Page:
freedom. Outshined only by North Korea. It ranks as one of the most
unattractive investments next to Iran, Zimbabwe, Libya, Mali, etc.
- Foreign investors cannot hire, fire, or pay workers directly. They
must go through the Cuban government employment agency which selects
the workers. Investors pay the government in dollars or euros and
the government pays the workers a meager 10% in Cuban pesos.
- Corruption is pervasive, undermining equity and respect for the
rule of law.
- Cuba does not have an independent/transparent legal system. All
judges are appointed by the State and all lawyers are licensed by
the State. In the last few years, European investors have had over
$1 billion arbitrarily frozen by the government and several investments
have been confiscated. Cuba's Law 77 allows the State to expropriate
foreign-invested assets for reason of "public utility" or
"social interest." In the last year, the CEOs of three companies
with extensive dealings with the Cuban government were arrested without
- If the travel ban is lifted unilaterally now or the embargo is ended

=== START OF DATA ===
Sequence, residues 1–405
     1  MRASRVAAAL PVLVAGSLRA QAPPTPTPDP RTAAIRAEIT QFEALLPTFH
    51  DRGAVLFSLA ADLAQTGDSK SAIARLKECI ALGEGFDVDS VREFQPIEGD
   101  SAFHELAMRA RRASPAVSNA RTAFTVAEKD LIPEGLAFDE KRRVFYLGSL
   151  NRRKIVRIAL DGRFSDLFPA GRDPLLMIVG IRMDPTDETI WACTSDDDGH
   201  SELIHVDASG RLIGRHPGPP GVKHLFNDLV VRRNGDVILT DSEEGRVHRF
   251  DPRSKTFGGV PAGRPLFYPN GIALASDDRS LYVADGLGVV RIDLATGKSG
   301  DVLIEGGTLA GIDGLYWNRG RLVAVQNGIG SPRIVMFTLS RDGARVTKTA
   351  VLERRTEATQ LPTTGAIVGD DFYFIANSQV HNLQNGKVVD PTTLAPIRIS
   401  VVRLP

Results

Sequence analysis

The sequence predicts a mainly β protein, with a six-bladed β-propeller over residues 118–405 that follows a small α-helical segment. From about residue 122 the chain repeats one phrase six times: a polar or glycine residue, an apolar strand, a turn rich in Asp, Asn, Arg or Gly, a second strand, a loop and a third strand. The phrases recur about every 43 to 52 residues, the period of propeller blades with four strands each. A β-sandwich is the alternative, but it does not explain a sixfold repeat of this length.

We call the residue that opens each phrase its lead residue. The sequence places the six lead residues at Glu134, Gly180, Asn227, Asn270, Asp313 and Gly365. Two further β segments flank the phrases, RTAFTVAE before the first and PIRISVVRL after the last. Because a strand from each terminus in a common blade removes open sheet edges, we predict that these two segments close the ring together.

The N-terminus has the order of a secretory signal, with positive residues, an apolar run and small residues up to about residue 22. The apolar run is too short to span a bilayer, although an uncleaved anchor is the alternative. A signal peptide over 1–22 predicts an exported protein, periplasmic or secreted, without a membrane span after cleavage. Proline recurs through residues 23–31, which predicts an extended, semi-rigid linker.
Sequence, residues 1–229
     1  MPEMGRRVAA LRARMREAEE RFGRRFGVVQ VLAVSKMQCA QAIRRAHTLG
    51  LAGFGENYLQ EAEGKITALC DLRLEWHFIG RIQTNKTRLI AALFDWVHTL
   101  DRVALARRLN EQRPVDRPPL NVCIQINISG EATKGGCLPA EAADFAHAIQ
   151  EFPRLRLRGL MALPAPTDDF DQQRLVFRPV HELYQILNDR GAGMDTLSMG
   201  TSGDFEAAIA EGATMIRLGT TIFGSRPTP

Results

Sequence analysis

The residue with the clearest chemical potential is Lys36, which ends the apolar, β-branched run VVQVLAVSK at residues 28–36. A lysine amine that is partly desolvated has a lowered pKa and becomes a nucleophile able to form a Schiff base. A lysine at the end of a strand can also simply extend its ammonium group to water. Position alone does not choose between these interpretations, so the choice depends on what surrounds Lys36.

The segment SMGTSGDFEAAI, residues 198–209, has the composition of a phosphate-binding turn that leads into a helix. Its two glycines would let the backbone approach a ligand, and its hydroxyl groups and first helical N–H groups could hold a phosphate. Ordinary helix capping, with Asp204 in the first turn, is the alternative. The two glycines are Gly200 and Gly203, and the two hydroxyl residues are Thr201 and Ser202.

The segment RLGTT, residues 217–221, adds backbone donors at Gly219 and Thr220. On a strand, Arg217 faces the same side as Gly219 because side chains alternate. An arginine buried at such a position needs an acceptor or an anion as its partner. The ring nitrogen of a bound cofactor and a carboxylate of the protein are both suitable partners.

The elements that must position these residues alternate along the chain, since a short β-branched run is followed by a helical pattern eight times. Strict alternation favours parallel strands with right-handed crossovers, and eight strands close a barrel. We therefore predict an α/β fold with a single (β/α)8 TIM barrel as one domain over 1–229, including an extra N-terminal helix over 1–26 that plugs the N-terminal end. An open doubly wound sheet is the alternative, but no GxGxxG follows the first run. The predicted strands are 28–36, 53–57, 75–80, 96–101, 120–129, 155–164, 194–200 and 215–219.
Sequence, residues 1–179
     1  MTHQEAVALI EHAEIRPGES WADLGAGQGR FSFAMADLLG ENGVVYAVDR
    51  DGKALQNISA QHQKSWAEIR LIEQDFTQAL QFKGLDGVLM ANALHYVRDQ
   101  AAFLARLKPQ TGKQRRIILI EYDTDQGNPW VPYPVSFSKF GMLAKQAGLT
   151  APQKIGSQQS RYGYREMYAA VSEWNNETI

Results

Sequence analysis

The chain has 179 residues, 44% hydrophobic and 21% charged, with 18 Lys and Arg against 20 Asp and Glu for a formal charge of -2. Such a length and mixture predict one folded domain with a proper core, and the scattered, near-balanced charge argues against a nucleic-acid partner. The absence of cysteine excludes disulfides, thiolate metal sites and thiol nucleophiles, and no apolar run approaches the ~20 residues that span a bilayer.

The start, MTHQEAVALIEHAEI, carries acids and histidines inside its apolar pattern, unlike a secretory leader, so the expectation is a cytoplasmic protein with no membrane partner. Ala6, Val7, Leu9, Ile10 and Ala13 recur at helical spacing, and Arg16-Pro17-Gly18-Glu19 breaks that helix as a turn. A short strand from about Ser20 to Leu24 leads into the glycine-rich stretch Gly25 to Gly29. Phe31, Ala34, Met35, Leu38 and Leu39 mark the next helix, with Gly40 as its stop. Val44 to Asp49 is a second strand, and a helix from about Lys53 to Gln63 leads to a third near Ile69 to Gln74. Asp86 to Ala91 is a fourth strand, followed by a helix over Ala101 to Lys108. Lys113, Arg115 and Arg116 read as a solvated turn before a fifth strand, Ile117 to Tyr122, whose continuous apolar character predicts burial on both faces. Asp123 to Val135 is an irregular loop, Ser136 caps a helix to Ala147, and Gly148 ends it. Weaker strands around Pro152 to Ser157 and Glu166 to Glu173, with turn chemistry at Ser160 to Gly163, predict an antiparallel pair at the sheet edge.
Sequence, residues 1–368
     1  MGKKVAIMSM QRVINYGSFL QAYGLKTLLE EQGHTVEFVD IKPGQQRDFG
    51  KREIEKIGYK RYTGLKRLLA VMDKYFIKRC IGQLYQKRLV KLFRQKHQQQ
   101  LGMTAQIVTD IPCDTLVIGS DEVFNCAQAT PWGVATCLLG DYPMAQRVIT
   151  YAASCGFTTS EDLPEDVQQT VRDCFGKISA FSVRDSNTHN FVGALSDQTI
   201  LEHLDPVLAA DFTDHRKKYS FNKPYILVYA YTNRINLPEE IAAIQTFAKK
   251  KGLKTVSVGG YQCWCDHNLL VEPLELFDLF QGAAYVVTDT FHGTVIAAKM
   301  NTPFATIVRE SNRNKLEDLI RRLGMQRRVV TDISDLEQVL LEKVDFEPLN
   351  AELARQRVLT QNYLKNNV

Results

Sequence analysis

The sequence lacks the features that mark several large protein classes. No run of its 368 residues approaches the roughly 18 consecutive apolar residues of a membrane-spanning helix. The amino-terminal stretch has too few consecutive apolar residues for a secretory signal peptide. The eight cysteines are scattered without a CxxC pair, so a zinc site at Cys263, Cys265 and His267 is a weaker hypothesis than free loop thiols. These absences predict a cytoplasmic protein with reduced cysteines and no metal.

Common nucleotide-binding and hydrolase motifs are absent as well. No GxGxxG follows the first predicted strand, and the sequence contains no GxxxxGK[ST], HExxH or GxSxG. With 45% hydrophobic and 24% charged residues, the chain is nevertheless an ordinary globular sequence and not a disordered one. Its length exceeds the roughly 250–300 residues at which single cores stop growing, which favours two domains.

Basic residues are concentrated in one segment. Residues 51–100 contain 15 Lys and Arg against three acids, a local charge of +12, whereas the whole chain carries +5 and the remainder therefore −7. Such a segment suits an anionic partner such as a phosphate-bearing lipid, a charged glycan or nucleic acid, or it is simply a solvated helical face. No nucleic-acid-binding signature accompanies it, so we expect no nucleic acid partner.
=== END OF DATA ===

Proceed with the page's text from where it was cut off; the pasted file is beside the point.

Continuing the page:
by the U.S., what will the U.S. government have to negotiate with
a future regime in Cuba and to encourage changes in the island? These
policies could be an important bargaining chip with a future regime
willing to provide concessions in the area of political and economic
- The travel ban and the embargo should be lifted as a result of negotiations
between the U.S. and a Cuban government willing to provide meaningful
and irreversible political and economic concessions or when there
is a democratic government in place in the island.
(1) They are Cy Tokmakjian of the Tokmakjian Group, Sarkis Yacoubian
of Tri-Star Caribbean, both from Canada, and Amado Fakhre of Coral Capital,
* Jaime Suchlicki is Emilio Bacardi Moreau Distinguished
Professor and Director, Institute for Cuban and Cuban-American Studies,
University of Miami. He is the author of Cuba: From Columbus to Castro,
now in its fifth edition; Mexico: From Montezuma to NAFTA, now
in its second edition and the recently published Breve Historia de